Coming to our country, Bangladesh, till now, intensive care or critical care medicine is an emerging but less emphasized concept here. The first intensive care unit (ICU, for adults) in Bangladesh was established in the National Institute of Cardiovascular Diseases in 1980. Currently, there are about 100 hospitals with ICU facilities in Bangladesh and 80% of them are located in Dhaka. Twenty-seven governmental hospitals have ICU facilities, which is only about 22% of the total number of ICUs. The majority of our population cannot afford the cost of private hospitals. Transportation of critically ill patients is another burning issue as most of the ICUs are located in Dhaka.
PCCM in Bangladesh is still in its early infancy. The first dedicated pediatric ICU in Bangladesh was established in 1994 in Dhaka Shishu (Children) Hospital. Now only about 11 or 12 hospitals (including both the public and private sector) are running PICU. Among them, only a few are managing their PICUs efficiently with well-trained and dedicated team members along with proper settings. The National Heart Foundation Hospital and Research Institute has the largest PICU in Dhaka under public–private partnership. It is run by pediatric intensivists, trained nurses, and other staffs. This is a well-equipped PICU having all the modern facilities. Dhaka Medical College and Combined Military Hospital, Dhaka have 6- and 12-bedded PICU, respectively, running under the supervision of Department of Pediatrics. At present, BSMMU has no dedicated PICU but two beds are available in the adult ICU for the management of critically ill older children. Very soon, a 10-bedded well-equipped dedicated PICU will be started at the Super Specialized Hospital under BSMMU.
In the private sector, only one hospital has a separate space for six-bedded PICU with modern facilities. Some other private hospitals in Dhaka and Chittagong are also providing pediatric critical care management. But most are managing pediatric patients at the adult ICU.
Pediatric intensive care specialty grew out of a need for increasingly complex postoperative management, in the face of rapid advances in surgical and medical subspecialties, and the development of sophisticated life-support technology. The intensivist directs a multidisciplinary team that includes other subspecialists, nurses, nutritionists, pharmacists, social workers, therapists, and others. The pediatric intensivist’s role is to provide supportive care during cardio-respiratory, multi-organ failure, and recovery from surgical interventions or trauma. He/she also needs to coordinate complex treatment strategy with multiple sub-specialties for further care of critically ill children. It must be remembered that critical care is to be provided to the patients who have chance of potential recovery and not for terminal care, especially in resource-limited settings like ours. It should operate with defined policies, protocols, and procedures including its own quality control, infection control, and training and research programs.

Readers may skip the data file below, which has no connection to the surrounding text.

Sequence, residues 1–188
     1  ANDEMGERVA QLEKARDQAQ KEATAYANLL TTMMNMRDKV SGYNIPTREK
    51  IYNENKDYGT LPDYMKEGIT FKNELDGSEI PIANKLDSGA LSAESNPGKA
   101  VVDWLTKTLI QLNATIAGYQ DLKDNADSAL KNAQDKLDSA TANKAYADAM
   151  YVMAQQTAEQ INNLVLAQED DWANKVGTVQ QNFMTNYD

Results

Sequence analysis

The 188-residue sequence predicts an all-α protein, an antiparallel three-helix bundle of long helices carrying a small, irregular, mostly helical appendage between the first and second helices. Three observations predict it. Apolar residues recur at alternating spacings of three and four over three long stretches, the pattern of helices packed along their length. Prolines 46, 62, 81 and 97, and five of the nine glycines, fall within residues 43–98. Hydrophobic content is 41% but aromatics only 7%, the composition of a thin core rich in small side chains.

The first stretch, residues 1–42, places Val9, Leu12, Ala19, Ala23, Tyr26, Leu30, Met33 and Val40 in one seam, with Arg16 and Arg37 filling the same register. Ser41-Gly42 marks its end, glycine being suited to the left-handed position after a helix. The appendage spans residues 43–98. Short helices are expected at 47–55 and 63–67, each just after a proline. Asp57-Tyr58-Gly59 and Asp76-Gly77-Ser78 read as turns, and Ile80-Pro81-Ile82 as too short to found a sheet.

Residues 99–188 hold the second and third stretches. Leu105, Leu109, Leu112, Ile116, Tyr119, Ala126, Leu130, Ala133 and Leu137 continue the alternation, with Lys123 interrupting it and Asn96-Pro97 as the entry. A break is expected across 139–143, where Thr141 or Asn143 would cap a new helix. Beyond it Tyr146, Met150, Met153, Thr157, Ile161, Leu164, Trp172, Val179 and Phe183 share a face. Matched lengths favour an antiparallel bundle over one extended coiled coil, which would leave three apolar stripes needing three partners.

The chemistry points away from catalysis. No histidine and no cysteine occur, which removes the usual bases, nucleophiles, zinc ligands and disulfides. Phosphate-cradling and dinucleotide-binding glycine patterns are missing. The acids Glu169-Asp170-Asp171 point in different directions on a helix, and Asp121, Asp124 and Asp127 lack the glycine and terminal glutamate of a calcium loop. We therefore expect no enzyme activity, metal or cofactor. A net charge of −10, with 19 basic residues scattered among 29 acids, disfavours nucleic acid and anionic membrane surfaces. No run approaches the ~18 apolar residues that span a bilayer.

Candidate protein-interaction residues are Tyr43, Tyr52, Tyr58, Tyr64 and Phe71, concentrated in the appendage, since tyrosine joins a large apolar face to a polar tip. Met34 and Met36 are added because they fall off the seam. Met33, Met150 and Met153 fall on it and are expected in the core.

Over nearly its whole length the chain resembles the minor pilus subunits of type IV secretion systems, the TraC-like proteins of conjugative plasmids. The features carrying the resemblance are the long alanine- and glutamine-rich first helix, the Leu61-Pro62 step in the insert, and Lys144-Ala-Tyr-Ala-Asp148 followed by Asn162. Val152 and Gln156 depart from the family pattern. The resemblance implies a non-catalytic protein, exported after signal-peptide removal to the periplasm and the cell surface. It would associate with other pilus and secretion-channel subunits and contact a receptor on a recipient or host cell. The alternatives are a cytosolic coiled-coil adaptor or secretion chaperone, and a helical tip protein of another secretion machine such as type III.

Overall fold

The development and establishment of pediatric critical care units are still a major challenge for us. Along with the PICU settings, we need well-trained pediatric intensivists, nurses, and other support staffs. Initially, we may need to provide formal training to our doctors abroad, if necessary. Eventually, we have to start a PCCM training/fellowship program in our own country. Some pediatricians from government and private sectors received pediatric critical care training abroad upon personal interest. The Bangladesh Pediatric Association (BPA) along with other professional associations and bodies should take the lead for the development of this essential subspecialty. And it should include: building awareness among pediatricians and policy makers, research activities, and organizing training for pediatricians and other support staffs home and abroad. We must always remember that an ideal PICU can increase the survival chances of critically ill children. We are optimistic that such steps will be taken soon and there will be a platform for independent pediatric critical care medicine specialty for better management of our critically ill children, which will also eventually lead us one step forward in achieving the SDG goals.
Financial support and sponsorship
Conflicts of interest
There are no conflicts of interest.